What makes the Aaron Douglas painting From Slavery Through Reconstruction significant?
- Harlem Renaissance revival murals
- The watermarks of yesteryear teach us today
- Racism and Outcry in From Slavery Through Reconstruction
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From Slavery Through Reconstruction answered a crucial calling. It was 1934 – peak of the Great Depression. The philosopher Alain Locke’s entreaty for Black stories inspired the Harlem Renaissance. Aaron Douglas was one of the artists who filled this need. The Federal Arts Project funded him with a New York Public Library project. The mission: create murals about the African American experience. This painting focuses on African Americans after the Civil War. Douglas reveals a transition from the left side of the painting to the right. It represents traveling from pre-war South to the post war North.
Viewers can discern this from reading the symbols and movement across the canvas. There’s a subtle artistry in his technique here. Two visual examples remind me of modern day watermarks. On the left, his KKK on horseback seem to ride on an ink undercurrent. White on shadow. Also, sonic circles radiate from the center and right side with filmy waves. These are the underlying themes – racism and outcry. Like a watermark, they’re omnipresent. Douglas reminds viewers what’s always lurking for Black Americans.
The KKK figures point to inherent oppression that drove former slaves to head North after the war. I love how Douglas gives them an ominous transparency. They’re the only white figures in the piece. Yet the KKK are also the only people who seem like shadows. The black figures are more tangible in From Slavery Through Reconstruction. Some mourn or march like the soldiers near the horseback KKK. Others entertain, cheer and proclaim. But no matter what they do, all are 100% full bodied.
The circle booms are significant because they represent the Black community uproar. In the center a man holds the Emancipation Proclamation in one hand and points toward D.C. with the other. The rings of sound emanate from this core to spread the word. Use your newfound power – go vote. To the right we find another strong message – celebrate your freedom. Here the coils represent musical loops. Behind them a conductor leads musicians while others cheer. Each of these spheres spotlight the leaders in From Slavery Through Reconstruction.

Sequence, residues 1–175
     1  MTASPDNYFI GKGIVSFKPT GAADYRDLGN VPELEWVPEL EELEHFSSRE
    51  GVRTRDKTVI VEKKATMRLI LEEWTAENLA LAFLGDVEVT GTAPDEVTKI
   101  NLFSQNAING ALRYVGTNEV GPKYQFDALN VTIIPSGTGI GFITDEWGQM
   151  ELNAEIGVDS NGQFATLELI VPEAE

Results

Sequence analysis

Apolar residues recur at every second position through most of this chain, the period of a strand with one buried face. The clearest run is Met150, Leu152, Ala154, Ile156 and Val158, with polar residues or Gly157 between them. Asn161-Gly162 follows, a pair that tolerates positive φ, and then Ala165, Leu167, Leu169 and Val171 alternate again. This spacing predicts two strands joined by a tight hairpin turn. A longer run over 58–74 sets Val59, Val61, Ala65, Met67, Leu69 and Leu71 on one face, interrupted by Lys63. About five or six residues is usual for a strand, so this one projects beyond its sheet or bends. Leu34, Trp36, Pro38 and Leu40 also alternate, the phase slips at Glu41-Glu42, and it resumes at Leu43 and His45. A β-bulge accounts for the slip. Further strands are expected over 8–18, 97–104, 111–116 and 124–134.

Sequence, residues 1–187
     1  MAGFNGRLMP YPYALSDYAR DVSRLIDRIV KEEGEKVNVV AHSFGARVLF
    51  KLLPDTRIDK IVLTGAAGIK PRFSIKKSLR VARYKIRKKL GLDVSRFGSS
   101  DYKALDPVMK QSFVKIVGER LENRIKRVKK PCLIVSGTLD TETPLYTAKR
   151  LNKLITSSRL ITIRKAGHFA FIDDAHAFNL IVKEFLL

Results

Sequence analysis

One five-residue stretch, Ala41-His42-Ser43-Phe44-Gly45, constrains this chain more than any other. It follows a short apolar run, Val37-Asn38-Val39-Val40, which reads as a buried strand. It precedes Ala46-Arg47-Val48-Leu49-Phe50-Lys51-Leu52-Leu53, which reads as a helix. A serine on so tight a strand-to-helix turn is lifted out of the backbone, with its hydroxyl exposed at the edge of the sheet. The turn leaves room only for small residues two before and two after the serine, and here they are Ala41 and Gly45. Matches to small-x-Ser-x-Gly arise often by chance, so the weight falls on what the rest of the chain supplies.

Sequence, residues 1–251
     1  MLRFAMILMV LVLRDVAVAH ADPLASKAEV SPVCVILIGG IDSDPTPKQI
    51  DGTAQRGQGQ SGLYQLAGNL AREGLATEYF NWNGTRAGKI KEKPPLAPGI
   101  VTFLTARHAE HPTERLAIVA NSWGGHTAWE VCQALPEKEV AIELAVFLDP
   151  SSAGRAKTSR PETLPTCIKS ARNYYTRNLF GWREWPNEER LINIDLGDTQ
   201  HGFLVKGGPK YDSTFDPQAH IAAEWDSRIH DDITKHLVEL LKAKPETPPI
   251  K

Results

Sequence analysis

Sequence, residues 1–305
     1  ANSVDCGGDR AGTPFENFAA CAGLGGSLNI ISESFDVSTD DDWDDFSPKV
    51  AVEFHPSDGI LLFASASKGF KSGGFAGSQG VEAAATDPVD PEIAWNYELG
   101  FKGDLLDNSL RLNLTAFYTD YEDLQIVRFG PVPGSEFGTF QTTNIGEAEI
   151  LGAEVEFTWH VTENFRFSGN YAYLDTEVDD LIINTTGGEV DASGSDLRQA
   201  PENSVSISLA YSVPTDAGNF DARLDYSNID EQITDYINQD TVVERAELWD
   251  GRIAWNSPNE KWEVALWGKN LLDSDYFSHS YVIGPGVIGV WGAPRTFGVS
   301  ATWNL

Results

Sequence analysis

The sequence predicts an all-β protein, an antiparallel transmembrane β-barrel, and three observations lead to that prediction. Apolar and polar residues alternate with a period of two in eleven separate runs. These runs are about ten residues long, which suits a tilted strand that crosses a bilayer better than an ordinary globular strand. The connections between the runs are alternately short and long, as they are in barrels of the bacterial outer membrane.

These leaders each urge their people to action. I love the stance of the man at center. He holds the Emancipation Proclamation like it’s a ticket. With a newfound power to vote, Black Americans could impact policies and shift systematic racism. His other hand points to where everybody needs to direct their attention – the U.S. Capital.
The conductor on the right leads the celebration. He stands at a white lectern and holds a hand up in a gentle gesture. Those he leads have their arms high in the air. There’s a trumpet pointed up, a dancer with limbs lifted in an oval toward the sky, and a celebrator cheering. These are joyful, free, people. From Slavery Through Reconstruction is the hopeful piece in this series of murals.
Aaron Douglas – Father of Black American Art
These Douglas murals tell a comprehensive story. They also bear the dated name Aspects of Negro Life. These masterworks reveal a Black American hope and resilience that is relevant even today. The first piece in this four-part series sets subjects in Africa. It’s a jubilant, dancing scene with African sigils and imagery. Aaron Douglas combines rhythmic silhouettes on a soft blend of pale pastels. This technique boosts the impact of strong figural imagery. It also sets the scene as gentle, lush, and comfortable. There’s a sense of joy in this first piece. Douglas uses this samesilhouette method throughout the series. But the tone shifts.
From Slavery Through Reconstruction comes second in the series. This scene portrays a starker use of silhouette. The background feels more like fire and turmoil. While black figures remain solid and strong. Their straight back stances and confident gestures show positivity. No matter the stage he sets, the artist’s figures remain steadfast in strength. There’s even a spiritual resonance and tenacity that transcends their locations. This piece illustrates a journey. Overwhelmingly, Douglas imbues the mural with promise.